After I graduated, the Garfield Robotics team had another successful year, despite the pandemic. With Onshape, everyone could fully participate remotely, resulting in a refined design that swept the awards at the inter-league level for the FIRST Tech Challenge. They won the most prestigious Inspire Award and received second place for almost every other award.
How Did I Wind Up With a Championship Wrestling Belt?
The majestic prize awarded to the winners of the first Onshape Design Competition.
Fast-forward to March 2021. I was winding down my freshman year at the University of Washington in Seattle, where I’m pursuing a double major in applied physics and applied math (CAD and CAE live at the intersection of so many topics in these fields). When I found out about the first-ever Onshape Design Competition, I knew I had to enter.
I found my partners on the extremely welcoming Onshape Forums. Together with my teammates Evan Reese, Head of Design at Ovyl (Nashville, TN), and Michael Pascoe, a mechanical engineer at Cache River Mill & MetalWorks (Little Rock, AK), we took home first prize, the spectacular CAD championship belt pictured above!
Aside from the classic Onshape collaboration use case of engineers in three different states working together as if they are in the same room, there’s an even bigger dynamic at play here. How did a college student and two established career engineers who never met each other wind up as teammates in the first place?
To learn the answer to this question, read this blog. But here’s a hint: It has something to do with the generous spirit and camaraderie of the Onshape engineering community. I’m lucky enough to experience that kinship as a regular participant in Onshape User Group Network meetings, where engineering students and professionals talk as peers.
Onshape User Groups allow CAD enthusiasts to share tips with each other and get feedback on their latest projects.
Not surprisingly, I found my interning at Onshape opportunity by being an active member of the Onshape User Groups.
Helping to Build the CAD System I Want to See
University of Washington student Alnis Smidchens, a rising sophomore, is interning at Onshape in Product Management.
After speaking to Onshape employees to get to know the teams and work available here, I decided that a Product Management internship would be the most interesting since it connects me with all areas of R&D at Onshape. I have been working on four main projects here:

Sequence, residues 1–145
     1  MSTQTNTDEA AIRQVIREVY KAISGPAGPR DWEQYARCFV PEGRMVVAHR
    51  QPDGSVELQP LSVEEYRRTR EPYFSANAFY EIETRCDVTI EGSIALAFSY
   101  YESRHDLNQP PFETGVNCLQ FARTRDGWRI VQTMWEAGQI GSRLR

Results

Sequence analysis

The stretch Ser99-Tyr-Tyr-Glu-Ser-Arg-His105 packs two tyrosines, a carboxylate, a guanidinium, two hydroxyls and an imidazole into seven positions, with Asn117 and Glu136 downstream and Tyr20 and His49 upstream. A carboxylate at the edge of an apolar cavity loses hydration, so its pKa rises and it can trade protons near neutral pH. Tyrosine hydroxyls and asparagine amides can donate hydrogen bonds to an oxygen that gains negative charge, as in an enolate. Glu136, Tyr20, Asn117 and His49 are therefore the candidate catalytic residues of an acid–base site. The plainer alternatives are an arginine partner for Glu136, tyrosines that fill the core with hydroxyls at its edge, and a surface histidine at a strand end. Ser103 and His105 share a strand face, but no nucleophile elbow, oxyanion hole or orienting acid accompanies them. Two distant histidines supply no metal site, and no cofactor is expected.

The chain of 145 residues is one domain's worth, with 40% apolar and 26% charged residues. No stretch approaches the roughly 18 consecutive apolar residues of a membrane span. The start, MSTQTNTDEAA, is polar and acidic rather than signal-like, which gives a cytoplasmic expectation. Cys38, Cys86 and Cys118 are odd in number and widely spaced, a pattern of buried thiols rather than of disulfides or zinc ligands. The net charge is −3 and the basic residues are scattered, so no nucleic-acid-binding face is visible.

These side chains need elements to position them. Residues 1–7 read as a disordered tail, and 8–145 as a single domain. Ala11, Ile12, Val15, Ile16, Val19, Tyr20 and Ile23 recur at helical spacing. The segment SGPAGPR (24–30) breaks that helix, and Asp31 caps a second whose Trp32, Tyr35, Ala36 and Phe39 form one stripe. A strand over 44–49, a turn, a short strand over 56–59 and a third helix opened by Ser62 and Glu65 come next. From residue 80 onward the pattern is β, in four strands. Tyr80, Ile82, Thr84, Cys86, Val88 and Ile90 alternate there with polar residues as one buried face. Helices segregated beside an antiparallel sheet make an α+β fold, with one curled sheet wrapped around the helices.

Engineering Excellence – Demonstrating that Onshape is not some toy tech demo, but rather the best platform for getting serious engineering work done.
Trends and Competition – Analyzing where customer needs, industry offerings, and research are headed in the future to help put together a game plan for Onshape.
Python Productization – Figuring out how to get the Python API into the education market, making it easy for students and teachers to pick up while still creating something useful.
Custom Feature Improvements – Improving the discoverability and approachability of Onshape’s powerful custom feature system, FeatureScript.
Along the way, I’ve also had the opportunity to work on some fun side projects, including data visualization, promotional materials, and writing custom features. There is never a dull moment at Onshape, and I am very excited to work on many projects with a positive real-world impact on customers.
I like to use the word “futuristic” when I talk about Onshape, but it is by no means waiting for future development to become useful. Onshape is a platform making a difference right now, revolutionizing communication, collaboration, and productivity in real-world, day-to-day engineering and design work.
If you’re an engineering student, I’d encourage you to get a head start on the system you’ll likely be using when you graduate. It takes less than two minutes to get your free Onshape Education plan — give it a try today!